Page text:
• Daniel Wardle

Second Time Lucky for McAfee?

McAfee (ticker:MCFE), the internet security firm founded in 1987 by John McAfee, has had a rough return to the market; this marks its anticipated second IPO, as previous to this it had traded from 1999 to 2011 where it was later acquired by Intel for $7.7 billion.


They issued a total of 37 million shares on 22nd October 2020 at a price of $20, raising a total of $740 million in total however it hasn’t been an easy ride - trading below this price ever since. As of 30th October, it closed at a price of $16.76, representing a decline of 16.2% from its original $20 IPO price. As shown in the chart below, it has had trading volume however it has dipped sharply since 27th October with no sign of recovery any time soon.

(Chart Courtesy of NASDAQ)


This spells bad news not only for investors but also McAfee’s underwriters who have the option to purchase an additional 5.5 million shares at the IPO price. An underwriter is someone who helps a company go public. This is because it wouldn’t be profitable to the underwriters who have the option to purchase additional shares at the initial $20 price, especially given they don’t seem to be showing much promise, declining for 3 days nearly. It’s unclear how much weight is placed on these additional available shares performing well but there’s no doubt it has reduced the overall profitability of the deal for each bank who was involved.

Astonishingly eighteen firms worked on the deal with such names including: Goldman Sachs, Morgan Stanley and Bank of America; it is of no doubt they all were paid a hefty sum which would have cost MacAfee a small fortune.

In addition to the problem of their stock underperforming, they carry considerable debt - a total of $4.8 billion. It is reported that they will use around $525 million from the IPO to lower this which isn’t a bad move considering the outlook of the global economy. Debt is becoming increasingly difficult to reduce as there is less economic activity, resulting in less turnover, and therefore reducing profit. This should boost investor sentiment as steps are being taken to improve the financial health of the company overall. However there is a long way to go yet - $4.8 billion will not disappear off their balance sheet overnight.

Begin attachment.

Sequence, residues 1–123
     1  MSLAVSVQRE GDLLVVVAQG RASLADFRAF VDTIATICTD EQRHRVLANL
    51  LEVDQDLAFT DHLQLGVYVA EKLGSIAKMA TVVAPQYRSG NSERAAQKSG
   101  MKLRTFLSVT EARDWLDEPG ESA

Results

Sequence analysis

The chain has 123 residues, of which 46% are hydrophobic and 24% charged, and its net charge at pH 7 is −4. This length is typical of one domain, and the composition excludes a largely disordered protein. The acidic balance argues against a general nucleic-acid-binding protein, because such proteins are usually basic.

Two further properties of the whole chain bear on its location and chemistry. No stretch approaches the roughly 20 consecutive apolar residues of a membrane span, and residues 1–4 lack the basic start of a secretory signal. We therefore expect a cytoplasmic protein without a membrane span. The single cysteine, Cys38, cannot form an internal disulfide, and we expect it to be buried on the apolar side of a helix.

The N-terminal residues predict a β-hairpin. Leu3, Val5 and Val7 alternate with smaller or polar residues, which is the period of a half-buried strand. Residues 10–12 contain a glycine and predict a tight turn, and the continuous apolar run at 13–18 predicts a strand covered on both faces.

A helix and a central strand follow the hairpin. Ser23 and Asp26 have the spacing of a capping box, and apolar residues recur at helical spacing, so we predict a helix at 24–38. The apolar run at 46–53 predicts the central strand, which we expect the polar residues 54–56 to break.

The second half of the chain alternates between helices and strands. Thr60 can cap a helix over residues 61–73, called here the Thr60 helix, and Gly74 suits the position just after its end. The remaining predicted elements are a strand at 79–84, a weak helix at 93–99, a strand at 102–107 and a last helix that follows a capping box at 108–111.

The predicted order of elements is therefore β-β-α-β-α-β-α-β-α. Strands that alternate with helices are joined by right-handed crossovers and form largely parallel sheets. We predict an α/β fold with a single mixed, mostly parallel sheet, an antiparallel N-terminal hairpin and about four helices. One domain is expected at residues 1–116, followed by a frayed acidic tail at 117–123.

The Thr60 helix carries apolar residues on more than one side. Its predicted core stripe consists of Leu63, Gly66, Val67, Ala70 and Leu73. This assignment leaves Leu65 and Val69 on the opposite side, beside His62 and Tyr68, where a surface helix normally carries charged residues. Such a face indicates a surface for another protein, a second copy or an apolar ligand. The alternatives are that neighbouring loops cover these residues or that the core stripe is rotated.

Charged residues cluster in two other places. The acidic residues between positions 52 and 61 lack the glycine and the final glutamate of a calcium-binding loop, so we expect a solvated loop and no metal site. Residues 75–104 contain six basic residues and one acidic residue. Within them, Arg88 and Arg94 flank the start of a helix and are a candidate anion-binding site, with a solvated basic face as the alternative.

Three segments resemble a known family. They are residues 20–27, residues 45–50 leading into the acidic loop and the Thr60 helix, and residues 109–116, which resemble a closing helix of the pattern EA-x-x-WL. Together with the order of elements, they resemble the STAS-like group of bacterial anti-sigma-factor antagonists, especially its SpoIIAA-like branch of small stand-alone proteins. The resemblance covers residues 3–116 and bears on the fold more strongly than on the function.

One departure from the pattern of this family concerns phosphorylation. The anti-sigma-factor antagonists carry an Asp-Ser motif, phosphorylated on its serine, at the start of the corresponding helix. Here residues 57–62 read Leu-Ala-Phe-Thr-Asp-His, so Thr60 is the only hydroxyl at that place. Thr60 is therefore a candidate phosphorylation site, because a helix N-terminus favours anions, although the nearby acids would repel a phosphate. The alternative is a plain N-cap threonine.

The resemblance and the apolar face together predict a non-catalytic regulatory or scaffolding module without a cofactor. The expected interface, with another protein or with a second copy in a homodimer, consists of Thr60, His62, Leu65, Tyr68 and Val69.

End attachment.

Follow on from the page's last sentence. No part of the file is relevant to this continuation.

As seen throughout 2020, the tech sector has seen a range of successful IPO’s, with many outdoing each other’s performance as they all raise increasingly large amounts of capital. The largest being that of Snowflake, a cloud-based software company based in California. They managed to raise a whopping $3 billion, which is the most ever for a software firm, and have raised the overall value of their firm to $70 billion. Further to this, Snowflake managed to trade above its opening share price of $120 to a high of $245 on opening day, which is a 111% increase, despite not turning a profit once. However, this is not sustainable, as sooner rather than later the company will have to start becoming profitable in order to retain not only its high share price but also their investors trust in them. Otherwise they will see a lot of investors leave resulting in a reduced share price.

As we begin to draw close to the end of a turbulent 2020, we are still seeing the influx of companies coming to market. It should be interesting to see if this trend continues into 2021 as we are still yet to face the presidential elections which will no doubt cause fireworks across the globe.

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